Intellectual Property Law


Intellectual property (or "IP") is a category of property that includes intangible creations of the human intellect, and primarily encompasses copyrights, patents, and trademarks. It also includes other types of rights, such as trade secrets, publicity rights, moral rights, and rights against unfair competition. Artistic works like music and literature, as well as some discoveries, inventions, words, phrases, symbols, and designs can all be protected as intellectual property.(1)(2)
Copyright law protects the rights of creators in their works in fine arts, publishing, entertainment, and computer software. The laws protect the owner of the work if others copy, present, or display the owners work without permission.
Trademark law protects a word, phrase, symbol or design that is used by an entity to identify its product or service. Trademark owners can prevent others from using their marks, or marks which are confusingly similar so that consumers would not be able to identify the source. Federal and State laws govern trademarks, but the Lanham Act is the primary source of trademark protection. These laws protect against infringement and dilution. Rights in trademarks are gained by being the first to use a trademark in commerce or being the first to register the mark with the United States Patent and Trademark Office.
Patent law grants protection for new inventions which can be products, processes or designs and provides a mechanism for protection of the invention. The patent law promotes the sharing of new developments with others to foster innovation. The patent owner has the right to protect others from producing, using, distributing or importing the protected item. Essentially the patent is a property right that can be licensed, sold, mortgaged or assigned.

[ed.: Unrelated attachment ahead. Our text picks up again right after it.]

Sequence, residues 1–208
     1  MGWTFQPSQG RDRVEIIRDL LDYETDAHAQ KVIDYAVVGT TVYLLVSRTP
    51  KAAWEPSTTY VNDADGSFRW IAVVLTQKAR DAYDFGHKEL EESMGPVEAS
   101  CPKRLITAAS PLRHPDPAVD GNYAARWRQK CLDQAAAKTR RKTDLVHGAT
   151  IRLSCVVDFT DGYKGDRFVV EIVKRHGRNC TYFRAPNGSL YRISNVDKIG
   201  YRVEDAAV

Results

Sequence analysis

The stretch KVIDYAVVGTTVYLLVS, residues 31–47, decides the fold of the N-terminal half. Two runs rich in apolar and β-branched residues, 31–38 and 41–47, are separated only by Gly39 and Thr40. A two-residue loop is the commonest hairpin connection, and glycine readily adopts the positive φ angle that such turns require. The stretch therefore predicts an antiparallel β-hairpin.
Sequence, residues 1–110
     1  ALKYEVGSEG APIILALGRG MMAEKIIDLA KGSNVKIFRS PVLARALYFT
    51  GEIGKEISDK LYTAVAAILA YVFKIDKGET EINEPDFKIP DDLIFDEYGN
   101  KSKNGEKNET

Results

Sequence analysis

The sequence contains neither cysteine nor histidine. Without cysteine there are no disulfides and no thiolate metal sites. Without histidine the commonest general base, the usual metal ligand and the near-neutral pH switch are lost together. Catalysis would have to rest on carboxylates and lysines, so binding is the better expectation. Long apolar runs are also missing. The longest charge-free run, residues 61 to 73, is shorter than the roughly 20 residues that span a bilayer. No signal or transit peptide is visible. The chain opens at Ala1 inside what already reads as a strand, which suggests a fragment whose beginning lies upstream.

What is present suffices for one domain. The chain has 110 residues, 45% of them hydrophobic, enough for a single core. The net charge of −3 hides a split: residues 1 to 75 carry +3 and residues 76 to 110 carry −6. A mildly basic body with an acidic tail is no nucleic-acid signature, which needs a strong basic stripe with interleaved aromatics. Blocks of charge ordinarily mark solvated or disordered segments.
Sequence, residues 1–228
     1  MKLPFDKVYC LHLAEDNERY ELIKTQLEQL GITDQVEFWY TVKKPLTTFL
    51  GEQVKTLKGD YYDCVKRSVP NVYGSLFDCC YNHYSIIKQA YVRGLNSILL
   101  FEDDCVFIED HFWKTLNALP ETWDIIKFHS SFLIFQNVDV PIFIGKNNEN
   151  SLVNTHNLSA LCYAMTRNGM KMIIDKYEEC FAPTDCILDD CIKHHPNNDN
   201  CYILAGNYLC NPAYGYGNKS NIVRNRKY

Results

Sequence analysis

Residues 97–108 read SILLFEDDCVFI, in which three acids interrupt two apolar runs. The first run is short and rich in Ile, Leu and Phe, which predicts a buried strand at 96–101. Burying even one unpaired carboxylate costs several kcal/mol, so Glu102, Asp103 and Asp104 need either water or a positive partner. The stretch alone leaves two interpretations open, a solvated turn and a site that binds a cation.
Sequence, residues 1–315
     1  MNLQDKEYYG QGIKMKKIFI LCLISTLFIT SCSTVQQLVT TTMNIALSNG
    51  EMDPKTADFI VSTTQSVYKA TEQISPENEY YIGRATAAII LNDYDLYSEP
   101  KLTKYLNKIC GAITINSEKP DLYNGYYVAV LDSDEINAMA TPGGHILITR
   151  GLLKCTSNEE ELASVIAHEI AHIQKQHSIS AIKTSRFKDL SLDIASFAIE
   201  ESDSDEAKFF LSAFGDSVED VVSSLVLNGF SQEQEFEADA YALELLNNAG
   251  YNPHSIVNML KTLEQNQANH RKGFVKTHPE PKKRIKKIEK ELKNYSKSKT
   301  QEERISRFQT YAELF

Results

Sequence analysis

Trade secrets are business practices, formulas, designs or processes used in a business, designed specifically to provide a competitive advantage to a business. These trade secrets would not be otherwise known to an "outsider" of the business. An example of this is the formula for Coca Cola. Trade secrets are protected without registration and appropriate steps should be taken by the owner to maintain confidentiality.

What N.M.B. can do for you. “Counseling, Protecting and Enforcing”

Client counseling centers around how best to protect the intellectual property that the client has or would like to develop. In trademark law, the lawyer will conduct searches on trademarks proposed by the client and counsel the client with respect to availability. In cases where a client has already invested time, energy and money, and a prior use in a similar industry is found, discussions with a client might include modifying or even abandoning the client's mark. In the case of patent counseling, our attorneys will assess its validity or likelihood of patent infringement.
Protection of intellectual property involves registering the trademark, patent or copyright to obtain the greatest rights available for our client's asset. In the case of a trademark or patent, the process involves N.M.B. attorneys preparing and filing an application with the United States Patent and Trademark Office (PTO) and responding to actions issues by the PTO until the trademark is registered or patent issues.
Enforcement of intellectual property involves protecting our client against infringing uses. This may entail sending cease and desist communications to infringing parties or when necessary litigation in state and federal court.
Other components of our practice include licensing, due diligence in connection with mergers or acquisitions, and developing strategies for international and domestic intellectual property protection. The skills N.M.B. attorneys employ in the IP area are communication skills-both written and oral, negotiation skills, and business acumen.
(1) "What are intellectual property rights?". World Trade Organization. World Trade Organization. Retrieved 2016-05-23.
(2) "Intellectual property", Black's Law Dictionary, 10th ed. (2014).